The Masks of the Moche

January 22nd, 2010 Leave a comment Go to comments

Only a few weeks after hearing about the exciting excavations in Mexico, another archaeologist  has been in town to talk about equally exciting work that has been happening in Peru. 

Steve Bourget is a leading expert on the Moche, the ancient Peruvian civilisation who perhaps left the most splendid artefacts behind  – fabulous masks of turquoise and gilded copper, and ceramics of extraordinary variety, depicting pre-Columbian life in all its forms including, most famously, the erotic:  many of their pots are still kept in drawers marked for-the-over -18 only. 

He was describing his recent work at a site called Huaca el Pueblo, where they uncovered a tomb dating from around 300 to 500 AD.  Inside were the remains of four individuals, two men and two women, all in their twenties at the time of death.  Working at frantic speed over the space of five weeks to beat the threat from both the humidity and local looters, his team of archaeologists injected alcohol under the mask of ‘the highest status individual’ – who Bourget has called ‘the Lord of Ucupe’ – to loosen it up for removal from his face in the normal way.  They then used thin slivers of bamboo to lift it, only to discover another mask underneath, like a Russian doll. 

And what masks!  Made from large sheets of gilded copper and fashioned with elaborate Moche iconography:  octopus tentacles, owl-heads and, around one woman’s headdress, a ring of minute dancers.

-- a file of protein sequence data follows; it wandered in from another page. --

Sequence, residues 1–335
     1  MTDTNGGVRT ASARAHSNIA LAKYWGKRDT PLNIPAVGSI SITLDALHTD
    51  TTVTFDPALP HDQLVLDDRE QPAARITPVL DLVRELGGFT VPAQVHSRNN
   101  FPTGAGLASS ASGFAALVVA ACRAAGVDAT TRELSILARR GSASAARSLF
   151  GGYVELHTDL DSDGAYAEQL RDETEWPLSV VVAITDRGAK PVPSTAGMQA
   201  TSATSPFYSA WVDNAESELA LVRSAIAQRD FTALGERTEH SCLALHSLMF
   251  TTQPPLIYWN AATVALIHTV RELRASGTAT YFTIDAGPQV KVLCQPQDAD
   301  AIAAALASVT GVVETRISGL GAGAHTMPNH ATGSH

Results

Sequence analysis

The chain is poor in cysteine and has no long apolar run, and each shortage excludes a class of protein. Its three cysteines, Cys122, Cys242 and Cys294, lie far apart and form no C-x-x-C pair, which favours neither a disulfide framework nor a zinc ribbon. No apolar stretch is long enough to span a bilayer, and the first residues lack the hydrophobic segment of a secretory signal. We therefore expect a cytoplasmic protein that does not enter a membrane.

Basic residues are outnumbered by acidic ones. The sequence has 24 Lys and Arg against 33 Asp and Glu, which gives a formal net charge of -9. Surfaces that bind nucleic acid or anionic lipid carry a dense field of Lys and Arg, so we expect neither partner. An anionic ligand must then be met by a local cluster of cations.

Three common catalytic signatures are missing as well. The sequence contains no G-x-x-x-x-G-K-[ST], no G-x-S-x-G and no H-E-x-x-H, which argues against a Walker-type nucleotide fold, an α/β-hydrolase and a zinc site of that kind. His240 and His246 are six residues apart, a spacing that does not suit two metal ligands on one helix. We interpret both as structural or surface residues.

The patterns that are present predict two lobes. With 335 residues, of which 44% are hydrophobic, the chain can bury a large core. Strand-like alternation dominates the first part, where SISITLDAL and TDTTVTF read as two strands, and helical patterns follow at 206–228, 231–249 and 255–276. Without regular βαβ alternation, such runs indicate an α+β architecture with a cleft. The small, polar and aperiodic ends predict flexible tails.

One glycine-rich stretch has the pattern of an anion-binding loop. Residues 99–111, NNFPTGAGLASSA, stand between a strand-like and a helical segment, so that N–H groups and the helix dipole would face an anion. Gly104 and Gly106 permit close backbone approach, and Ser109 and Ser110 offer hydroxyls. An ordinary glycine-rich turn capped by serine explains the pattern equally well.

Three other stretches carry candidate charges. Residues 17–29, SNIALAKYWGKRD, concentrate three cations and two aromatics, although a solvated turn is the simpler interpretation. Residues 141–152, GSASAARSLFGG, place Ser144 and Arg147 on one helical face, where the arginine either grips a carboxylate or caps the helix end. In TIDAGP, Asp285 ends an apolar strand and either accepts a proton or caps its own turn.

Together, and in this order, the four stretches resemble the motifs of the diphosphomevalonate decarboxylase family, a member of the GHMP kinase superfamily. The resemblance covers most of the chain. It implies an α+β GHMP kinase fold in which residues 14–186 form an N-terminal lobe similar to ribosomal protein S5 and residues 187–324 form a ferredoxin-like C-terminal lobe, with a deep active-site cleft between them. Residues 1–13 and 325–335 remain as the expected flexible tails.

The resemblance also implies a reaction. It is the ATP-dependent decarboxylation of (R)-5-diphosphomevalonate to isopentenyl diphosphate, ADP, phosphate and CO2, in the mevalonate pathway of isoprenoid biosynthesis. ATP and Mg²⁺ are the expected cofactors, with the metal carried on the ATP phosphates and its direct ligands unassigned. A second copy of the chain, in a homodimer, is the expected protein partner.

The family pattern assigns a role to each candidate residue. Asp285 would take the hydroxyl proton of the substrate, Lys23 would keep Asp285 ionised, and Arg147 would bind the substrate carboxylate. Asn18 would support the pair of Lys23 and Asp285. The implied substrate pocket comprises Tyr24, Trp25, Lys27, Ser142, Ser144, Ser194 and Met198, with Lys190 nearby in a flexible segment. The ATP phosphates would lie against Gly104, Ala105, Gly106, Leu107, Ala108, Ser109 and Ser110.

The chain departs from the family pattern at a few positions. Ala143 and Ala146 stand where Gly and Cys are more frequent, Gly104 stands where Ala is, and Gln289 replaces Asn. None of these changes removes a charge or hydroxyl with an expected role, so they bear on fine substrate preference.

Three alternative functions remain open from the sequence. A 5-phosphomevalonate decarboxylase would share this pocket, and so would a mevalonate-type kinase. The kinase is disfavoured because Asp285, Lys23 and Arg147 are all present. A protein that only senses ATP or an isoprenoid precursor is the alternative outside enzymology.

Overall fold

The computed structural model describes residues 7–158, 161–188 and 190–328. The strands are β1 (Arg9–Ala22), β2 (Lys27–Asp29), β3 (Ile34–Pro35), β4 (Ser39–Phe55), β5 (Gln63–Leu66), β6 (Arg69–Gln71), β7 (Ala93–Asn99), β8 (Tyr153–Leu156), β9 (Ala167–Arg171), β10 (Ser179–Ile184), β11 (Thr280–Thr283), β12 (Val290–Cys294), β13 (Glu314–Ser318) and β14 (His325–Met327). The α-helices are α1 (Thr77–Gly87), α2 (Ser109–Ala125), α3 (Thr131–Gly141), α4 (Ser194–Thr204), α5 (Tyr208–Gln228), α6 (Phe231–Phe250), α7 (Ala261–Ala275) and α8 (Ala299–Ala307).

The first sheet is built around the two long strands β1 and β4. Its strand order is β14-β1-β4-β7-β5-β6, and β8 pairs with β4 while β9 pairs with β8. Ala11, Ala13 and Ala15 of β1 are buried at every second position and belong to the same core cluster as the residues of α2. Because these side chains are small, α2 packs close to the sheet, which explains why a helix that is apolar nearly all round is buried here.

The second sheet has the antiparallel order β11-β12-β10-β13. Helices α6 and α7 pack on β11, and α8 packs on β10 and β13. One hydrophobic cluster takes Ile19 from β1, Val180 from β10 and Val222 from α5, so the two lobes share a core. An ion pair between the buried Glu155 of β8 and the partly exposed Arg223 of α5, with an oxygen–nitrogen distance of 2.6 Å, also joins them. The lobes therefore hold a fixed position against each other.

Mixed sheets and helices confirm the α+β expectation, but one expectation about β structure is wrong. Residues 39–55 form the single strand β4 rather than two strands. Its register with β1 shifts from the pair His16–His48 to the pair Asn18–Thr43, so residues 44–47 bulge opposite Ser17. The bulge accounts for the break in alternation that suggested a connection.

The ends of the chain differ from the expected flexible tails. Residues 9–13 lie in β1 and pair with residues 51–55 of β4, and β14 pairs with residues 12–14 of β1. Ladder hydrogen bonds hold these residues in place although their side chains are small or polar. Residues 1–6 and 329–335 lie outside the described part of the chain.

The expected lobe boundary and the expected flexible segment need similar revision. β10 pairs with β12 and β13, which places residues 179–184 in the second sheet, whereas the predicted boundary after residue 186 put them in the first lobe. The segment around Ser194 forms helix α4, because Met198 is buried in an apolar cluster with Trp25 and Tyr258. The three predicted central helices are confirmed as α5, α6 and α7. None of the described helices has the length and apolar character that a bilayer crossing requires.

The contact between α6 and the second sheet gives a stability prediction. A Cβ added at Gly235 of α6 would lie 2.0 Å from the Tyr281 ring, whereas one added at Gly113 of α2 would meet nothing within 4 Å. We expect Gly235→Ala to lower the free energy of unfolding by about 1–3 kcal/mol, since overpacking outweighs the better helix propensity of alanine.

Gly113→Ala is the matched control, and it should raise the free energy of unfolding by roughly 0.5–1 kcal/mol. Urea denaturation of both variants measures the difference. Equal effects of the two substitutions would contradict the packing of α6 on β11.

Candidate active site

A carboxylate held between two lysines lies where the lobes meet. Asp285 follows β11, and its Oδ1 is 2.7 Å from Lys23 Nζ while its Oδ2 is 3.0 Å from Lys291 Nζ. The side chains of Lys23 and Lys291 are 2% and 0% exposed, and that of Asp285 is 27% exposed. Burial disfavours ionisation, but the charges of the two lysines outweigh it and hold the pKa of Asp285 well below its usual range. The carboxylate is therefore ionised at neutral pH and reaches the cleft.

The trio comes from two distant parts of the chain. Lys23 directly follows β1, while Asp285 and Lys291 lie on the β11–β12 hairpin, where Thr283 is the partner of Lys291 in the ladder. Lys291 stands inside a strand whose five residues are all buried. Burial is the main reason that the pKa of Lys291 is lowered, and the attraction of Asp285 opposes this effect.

The Moche seem to be obsessed with certain animal imagery and covered whole tiers of their pyramids with repetitive freezes of octopuses or catfish designs.  Bourget was particularly interesting when he talked about the reasons for this.  He suggested that certain animals were associated with the El Niño phenomenon that was so critical to the Moche, and often caused major climatic disruption, then as now. 

Every six or seven years , a change in Pacific wind-directions causes a build up of much warmer water along Peru’s coast:  initially it is the fishing which suffers;  then the whole climate gets thrown into reverse, with flooding in the deserts and drought in the mountains.  The flooding in the deserts not only causes rivers to burst their banks, but brings a plague of mosquitoes and disease in its wake. 

The phenomenon is now called El Niño (the child)  because it often occurs around Christmas and the infant Jesus is called El Niño Santo. Some El Niños are far worse than others.  The El Niño of 1997-98 created Peru’s second largest lake and caused vicious outbreaks of malaria.  Across the Pacific,  Indonesia and Malaysia were starved of rain and experienced terrible forest fires;  the knock on effects were felt as far away as Europe and Madagascar.   Thousands of people were killed and over 30 billion dollars of damage to property was caused. 

At times of El Niño it seems that octopuses multiply and sea lions disappear, while stingrays, sharks and a certain sort of swimming crab arrive on the coast:  all heavily featured in Moche Art.  They covered themselves with images of these animals, perhaps in some way to ward off such catastrophe – with masks, with elaborate textiles and even, as we know from the discovery of a more conserved body at a place called Cao Viejo, with all-over body tattoos. 

Hardly surprising that the Moche should have paid such attention to the phenomena attending an El Niño disruption, given the huge impact it had on their culture;   indeed it is thought that their civilisation ultimately came to an end in around 700 AD because of climatic change, rather than from the aggression of a competing outside force.  Their courage and creativity displayed in the face of adverse weather conditions was often admirable – a courage that we may similarly have to dig deep to find ourselves as our own climate worsens.



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